When the production of the M5 version of the BMW 5 series first started in 1986, the cars from the series were hand-built and the engine’s roaring could be heard loud and clear. However, manufacturing a modern vehicle in the 21st century means improving absolutely everything from the previous versions.
Nevertheless, one thing remains the same – drivers love to feel and hear their engine roar when they force the gas pedal. Since the 2013 BMW M5’s engine is extremely quiet, the manufacturers had to get crafty. In fact, it’s so quiet, that in order to satisfy their clients, the Bavarian motor company has taken old fashioned lip-synching to a whole new level. When the driver revs the car’s engine, a loud and clear roaring can be heard. However, it’s not the engine that’s roaring. The noise comes from a digital recording intending to perfectly imitate the original sound.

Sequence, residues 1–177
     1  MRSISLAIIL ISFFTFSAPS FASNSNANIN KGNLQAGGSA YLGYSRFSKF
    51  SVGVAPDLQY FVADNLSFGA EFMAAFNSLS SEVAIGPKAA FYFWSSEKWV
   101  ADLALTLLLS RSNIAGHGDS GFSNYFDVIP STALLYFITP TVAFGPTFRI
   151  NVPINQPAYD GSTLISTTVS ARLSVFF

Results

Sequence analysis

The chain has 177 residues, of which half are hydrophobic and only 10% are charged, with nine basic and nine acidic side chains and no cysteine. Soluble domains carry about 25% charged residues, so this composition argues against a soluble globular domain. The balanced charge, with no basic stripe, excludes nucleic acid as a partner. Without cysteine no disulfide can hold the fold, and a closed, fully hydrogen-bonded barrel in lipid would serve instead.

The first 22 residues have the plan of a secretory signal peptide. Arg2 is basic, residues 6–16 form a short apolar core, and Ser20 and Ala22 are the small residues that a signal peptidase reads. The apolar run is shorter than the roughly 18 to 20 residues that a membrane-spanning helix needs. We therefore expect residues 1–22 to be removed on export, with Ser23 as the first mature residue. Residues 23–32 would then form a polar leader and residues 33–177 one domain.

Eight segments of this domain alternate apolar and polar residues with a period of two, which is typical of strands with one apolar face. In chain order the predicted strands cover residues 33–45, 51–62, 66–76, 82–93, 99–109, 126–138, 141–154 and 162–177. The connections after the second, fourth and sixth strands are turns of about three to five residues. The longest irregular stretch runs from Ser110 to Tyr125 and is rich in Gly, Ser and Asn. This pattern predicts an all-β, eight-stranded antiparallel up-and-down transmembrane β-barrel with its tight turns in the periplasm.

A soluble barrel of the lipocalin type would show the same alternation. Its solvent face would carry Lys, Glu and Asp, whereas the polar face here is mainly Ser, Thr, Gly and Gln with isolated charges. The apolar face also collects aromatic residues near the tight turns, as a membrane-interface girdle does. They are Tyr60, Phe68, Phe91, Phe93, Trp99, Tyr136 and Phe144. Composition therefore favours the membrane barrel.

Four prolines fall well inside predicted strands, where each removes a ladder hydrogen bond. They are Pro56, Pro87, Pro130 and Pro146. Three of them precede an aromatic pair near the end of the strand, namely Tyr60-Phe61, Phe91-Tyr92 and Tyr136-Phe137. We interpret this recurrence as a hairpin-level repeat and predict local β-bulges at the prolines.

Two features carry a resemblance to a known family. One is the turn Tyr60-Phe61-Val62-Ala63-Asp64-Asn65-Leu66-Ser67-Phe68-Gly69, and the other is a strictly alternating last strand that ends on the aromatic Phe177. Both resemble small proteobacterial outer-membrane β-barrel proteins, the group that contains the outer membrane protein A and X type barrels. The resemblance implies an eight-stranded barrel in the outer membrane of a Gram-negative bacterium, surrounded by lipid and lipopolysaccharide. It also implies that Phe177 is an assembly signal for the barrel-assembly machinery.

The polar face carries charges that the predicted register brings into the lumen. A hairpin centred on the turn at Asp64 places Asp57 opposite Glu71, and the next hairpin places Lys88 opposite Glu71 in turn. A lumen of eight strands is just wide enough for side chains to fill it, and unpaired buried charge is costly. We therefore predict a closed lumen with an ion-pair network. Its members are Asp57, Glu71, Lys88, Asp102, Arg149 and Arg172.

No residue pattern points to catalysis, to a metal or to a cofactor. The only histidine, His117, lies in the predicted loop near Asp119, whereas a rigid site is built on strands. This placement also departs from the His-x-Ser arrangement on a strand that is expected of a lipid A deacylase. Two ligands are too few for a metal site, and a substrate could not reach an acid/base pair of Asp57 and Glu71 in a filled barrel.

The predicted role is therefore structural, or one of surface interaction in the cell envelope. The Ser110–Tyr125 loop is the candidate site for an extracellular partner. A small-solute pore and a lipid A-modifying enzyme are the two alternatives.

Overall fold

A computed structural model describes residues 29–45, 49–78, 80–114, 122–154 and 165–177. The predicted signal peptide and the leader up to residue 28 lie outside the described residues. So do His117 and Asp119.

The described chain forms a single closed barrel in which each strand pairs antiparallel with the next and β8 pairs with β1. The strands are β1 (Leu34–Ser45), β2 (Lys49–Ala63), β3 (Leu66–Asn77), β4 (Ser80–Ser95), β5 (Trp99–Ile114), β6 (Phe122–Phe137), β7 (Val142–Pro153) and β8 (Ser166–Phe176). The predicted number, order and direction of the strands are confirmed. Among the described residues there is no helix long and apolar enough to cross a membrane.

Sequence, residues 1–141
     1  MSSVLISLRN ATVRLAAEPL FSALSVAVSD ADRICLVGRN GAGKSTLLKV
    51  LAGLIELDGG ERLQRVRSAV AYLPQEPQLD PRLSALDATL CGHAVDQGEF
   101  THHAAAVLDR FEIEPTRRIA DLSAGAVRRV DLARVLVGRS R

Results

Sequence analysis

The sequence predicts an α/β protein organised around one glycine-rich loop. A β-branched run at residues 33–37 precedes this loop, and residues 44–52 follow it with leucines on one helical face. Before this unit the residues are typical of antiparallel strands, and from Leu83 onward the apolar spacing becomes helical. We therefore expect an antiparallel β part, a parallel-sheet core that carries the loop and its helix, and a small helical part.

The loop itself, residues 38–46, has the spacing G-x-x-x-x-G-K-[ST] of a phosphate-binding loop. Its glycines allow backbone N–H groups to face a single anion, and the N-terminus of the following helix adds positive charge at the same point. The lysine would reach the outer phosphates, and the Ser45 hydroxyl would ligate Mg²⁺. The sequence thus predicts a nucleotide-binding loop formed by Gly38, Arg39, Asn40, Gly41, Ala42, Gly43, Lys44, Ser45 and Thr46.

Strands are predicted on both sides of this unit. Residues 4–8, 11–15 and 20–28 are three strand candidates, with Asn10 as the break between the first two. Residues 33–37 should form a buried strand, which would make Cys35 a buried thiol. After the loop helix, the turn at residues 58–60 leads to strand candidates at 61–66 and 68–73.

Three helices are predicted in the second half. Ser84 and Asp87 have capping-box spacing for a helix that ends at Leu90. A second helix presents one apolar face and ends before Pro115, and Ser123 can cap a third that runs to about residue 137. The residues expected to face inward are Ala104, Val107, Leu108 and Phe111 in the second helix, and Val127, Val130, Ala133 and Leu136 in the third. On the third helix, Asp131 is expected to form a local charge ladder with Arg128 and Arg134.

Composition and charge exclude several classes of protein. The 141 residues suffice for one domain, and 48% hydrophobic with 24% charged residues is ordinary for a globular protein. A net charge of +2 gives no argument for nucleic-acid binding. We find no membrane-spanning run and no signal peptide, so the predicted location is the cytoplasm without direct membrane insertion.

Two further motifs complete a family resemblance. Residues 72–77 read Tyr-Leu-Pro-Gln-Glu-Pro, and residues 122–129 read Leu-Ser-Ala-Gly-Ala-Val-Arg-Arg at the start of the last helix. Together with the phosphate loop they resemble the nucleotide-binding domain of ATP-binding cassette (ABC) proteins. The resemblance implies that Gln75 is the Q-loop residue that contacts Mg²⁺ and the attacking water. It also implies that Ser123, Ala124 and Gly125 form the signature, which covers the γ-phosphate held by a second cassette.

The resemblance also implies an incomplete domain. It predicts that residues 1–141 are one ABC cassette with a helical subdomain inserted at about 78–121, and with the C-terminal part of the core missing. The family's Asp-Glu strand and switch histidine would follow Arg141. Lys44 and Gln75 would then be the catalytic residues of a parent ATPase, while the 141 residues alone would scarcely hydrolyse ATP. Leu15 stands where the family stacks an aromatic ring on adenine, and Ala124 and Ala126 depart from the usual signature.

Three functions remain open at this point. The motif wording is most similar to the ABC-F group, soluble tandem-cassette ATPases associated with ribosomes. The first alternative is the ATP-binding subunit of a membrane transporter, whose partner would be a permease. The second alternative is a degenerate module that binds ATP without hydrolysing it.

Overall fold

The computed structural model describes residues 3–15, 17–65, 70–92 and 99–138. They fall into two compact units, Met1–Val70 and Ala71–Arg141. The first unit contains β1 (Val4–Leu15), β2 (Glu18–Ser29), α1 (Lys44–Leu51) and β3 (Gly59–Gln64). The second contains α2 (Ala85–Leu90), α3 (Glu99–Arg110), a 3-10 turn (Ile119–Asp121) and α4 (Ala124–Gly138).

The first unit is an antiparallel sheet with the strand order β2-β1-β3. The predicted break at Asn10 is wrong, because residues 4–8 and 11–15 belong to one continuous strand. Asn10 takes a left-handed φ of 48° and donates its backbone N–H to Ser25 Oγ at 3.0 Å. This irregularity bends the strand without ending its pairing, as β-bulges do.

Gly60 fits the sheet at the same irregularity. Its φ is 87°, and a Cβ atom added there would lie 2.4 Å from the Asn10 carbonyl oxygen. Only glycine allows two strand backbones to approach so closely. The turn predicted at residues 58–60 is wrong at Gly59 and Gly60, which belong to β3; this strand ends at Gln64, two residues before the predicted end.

BMW call this Active Sound Design. Clearly, it’s working its magic on their clients, who pay around $100,000 for a lip-synching vehicle.